A Delicate Balance

Alternative? Montessori? Waldorf? Unschooling? Which one is best for your child? I’m often asked what our teaching philosophies are, and where the ideology comes from. The answer is never as simple as the question. We are all used to labels, as labels have a meaningful purpose, they help us understand and categorize things quickly. 

It can be challenging to navigate in a world of categories and specifications. At Peregrine Discovery, we believe in natural learning, play-based learning, inquiry-based learning, as well as project based learning. In all of these, there are pros and cons, depending on the child. 

A naturally curious, experimental child may succeed in a natural learning classroom. A hands on, high energy child may succeed in a play-based environment. A child that loves investigating may succeed in an inquiry-based classroom. And, a child who enjoys working with their peers may succeed in a project-based learning environment. 

But, who is to say all of those children won’t end up in one room? Who is to say that if a child presents themselves as a team player one day, wouldn’t enjoy learning independently another day? A natural balance is necessary. Even children who thrive in inquiry-based environments need to possess the skills to follow given instruction. Children who thrive in play-based environments need to posses the skills to sit down and complete a tasks when necessary. The most successful employees are well rounded, so why would we try to label children, as well as their learning strategies so early on?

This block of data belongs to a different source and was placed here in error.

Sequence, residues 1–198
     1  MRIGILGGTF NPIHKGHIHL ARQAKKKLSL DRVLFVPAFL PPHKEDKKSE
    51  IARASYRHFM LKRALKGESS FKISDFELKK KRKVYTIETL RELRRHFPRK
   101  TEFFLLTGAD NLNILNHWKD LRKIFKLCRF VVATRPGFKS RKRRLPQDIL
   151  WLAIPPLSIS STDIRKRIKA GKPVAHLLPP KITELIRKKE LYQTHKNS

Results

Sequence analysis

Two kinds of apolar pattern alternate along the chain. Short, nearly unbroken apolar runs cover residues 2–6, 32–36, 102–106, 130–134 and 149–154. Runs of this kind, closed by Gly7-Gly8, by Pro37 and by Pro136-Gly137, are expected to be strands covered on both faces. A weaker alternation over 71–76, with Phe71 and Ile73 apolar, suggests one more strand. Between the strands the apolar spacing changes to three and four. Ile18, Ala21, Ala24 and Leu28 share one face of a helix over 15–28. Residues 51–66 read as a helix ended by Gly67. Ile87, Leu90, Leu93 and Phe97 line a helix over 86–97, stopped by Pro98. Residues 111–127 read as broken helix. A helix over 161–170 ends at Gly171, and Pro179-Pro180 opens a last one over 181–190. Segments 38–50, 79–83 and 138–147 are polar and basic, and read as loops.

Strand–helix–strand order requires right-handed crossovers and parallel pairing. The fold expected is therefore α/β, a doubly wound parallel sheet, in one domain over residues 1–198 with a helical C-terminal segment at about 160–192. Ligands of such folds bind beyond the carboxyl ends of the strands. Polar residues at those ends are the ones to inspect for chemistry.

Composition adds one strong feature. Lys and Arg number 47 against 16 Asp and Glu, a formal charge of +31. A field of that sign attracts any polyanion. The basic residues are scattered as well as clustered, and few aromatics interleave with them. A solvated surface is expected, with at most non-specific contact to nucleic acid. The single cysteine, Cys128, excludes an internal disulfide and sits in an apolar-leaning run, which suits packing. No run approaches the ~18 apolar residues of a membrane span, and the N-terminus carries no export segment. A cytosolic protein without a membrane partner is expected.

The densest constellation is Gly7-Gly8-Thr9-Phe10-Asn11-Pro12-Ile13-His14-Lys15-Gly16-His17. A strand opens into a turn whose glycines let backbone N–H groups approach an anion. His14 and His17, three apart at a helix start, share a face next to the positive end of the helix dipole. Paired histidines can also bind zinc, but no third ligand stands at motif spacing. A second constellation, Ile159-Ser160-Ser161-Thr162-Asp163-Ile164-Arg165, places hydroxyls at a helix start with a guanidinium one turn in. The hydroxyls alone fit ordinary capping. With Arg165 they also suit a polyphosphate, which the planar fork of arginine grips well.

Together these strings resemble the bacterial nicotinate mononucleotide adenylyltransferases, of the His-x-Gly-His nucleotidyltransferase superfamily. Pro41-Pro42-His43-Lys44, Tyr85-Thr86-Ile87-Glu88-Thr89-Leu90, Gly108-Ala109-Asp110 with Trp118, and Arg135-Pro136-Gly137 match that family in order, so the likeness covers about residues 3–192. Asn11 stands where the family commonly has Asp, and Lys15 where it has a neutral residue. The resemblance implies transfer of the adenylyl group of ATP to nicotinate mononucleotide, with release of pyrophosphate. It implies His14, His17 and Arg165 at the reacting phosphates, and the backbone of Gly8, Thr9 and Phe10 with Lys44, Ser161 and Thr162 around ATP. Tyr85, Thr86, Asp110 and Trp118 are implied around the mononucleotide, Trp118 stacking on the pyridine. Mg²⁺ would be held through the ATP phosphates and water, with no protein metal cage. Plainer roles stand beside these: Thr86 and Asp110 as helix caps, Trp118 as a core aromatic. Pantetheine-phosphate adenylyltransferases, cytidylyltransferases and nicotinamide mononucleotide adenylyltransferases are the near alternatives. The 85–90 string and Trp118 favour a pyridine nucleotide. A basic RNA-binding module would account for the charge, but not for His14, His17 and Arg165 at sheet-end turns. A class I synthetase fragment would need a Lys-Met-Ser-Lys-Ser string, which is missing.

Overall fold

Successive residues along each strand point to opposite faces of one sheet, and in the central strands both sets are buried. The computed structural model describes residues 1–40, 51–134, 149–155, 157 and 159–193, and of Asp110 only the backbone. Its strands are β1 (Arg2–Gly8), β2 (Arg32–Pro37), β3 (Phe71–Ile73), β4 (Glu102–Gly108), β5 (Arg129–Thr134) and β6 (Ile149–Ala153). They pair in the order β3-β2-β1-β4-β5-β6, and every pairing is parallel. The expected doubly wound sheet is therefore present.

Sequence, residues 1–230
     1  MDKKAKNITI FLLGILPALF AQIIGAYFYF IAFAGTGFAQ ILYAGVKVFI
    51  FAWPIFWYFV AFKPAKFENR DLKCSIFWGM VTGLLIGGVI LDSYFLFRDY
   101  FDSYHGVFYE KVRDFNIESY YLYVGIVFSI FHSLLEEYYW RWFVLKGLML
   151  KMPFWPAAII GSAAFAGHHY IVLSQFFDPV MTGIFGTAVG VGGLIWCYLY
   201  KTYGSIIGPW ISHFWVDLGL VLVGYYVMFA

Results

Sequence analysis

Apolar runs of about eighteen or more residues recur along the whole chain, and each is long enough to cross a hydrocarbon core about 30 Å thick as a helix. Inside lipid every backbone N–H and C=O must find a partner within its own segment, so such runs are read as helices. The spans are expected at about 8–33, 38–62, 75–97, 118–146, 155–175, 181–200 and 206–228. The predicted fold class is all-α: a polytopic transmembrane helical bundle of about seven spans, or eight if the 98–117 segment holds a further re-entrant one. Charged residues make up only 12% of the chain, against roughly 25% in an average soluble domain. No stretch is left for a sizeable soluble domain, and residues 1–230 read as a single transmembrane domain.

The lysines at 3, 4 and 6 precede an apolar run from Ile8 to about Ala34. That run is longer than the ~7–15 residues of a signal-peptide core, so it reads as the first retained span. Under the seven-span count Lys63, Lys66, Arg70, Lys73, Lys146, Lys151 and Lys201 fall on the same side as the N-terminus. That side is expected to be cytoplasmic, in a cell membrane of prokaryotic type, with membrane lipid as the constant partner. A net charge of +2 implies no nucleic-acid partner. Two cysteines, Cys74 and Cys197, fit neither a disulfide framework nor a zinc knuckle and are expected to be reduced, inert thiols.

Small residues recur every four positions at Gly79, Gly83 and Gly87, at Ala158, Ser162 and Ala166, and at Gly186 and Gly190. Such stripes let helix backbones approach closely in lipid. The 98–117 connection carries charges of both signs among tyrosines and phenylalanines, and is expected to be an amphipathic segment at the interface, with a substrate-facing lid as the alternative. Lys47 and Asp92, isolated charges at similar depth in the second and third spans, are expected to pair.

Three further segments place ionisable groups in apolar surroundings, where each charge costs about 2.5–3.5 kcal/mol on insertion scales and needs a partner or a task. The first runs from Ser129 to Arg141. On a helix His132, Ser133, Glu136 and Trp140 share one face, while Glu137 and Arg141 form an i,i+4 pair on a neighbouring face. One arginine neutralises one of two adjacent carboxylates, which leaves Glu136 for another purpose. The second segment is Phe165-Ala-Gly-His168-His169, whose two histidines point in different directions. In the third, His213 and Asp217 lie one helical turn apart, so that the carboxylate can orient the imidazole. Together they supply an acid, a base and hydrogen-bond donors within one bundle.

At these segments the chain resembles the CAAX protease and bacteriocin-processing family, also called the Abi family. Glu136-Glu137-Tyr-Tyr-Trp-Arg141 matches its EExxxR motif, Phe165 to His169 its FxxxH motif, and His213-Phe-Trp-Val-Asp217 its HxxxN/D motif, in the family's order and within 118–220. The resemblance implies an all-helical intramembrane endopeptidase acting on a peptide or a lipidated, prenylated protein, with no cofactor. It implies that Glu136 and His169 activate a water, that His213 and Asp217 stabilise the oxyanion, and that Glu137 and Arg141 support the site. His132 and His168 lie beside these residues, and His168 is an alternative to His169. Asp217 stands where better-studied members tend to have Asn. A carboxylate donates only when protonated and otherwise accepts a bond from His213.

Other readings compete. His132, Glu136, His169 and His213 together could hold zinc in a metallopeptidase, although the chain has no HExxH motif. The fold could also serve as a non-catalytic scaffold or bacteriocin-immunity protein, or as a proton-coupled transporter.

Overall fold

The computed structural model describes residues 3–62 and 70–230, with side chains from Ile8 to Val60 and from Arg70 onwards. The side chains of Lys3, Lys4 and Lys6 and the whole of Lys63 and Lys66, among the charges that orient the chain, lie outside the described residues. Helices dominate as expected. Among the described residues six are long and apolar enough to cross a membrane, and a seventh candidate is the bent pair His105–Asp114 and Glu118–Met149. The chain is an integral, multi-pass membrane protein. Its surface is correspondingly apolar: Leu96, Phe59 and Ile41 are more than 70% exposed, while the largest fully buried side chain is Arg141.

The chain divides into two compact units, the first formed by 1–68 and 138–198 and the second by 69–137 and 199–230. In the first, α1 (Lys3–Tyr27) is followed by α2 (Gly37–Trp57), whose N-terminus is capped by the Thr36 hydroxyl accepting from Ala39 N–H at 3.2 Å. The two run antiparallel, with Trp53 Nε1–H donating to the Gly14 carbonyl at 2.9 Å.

At Discovery, our kids are presented with a multitude of learning strategies. Our mornings begin with free play. Free play is followed by instructional time by the facilitator, this is where they learn how to read, write, add, subtract, etc. All of the essentials. Our instructional time is limited based on the child’s age. In the afternoon, outdoor play, and natural learning take over. This is when kids naturally implement what they have learned into their play, and we encourage them to do so.

This week, a child was practicing telling time in the morning. In the afternoon, during their free play, they chose to play with a train and train station. They naturally added in a train schedule including times into their play. Making the new knowledge meaningful once they can apply it to alternative situations, and use it over and over again. 

From my personal experience, I find that naturally children are more attentive in the morning, and more rambunctious in the afternoon. I plan accordingly. All of my daily lessons will be completed before lunch. This ensures that by the afternoon, children are allowed unstructured play, providing that necessary balance. Unstructured time does not mean the facilitator leaves the room and allows children to run wild. This is where hands on activities come in play: outdoor exploration, makerspace creations, and artists in the Art room. The natural engineers get to work creating with purpose, the artists work on their masterpieces, and the writers create books. After all, if a child already possess a passion, shouldn’t they be encouraged to feed that passion?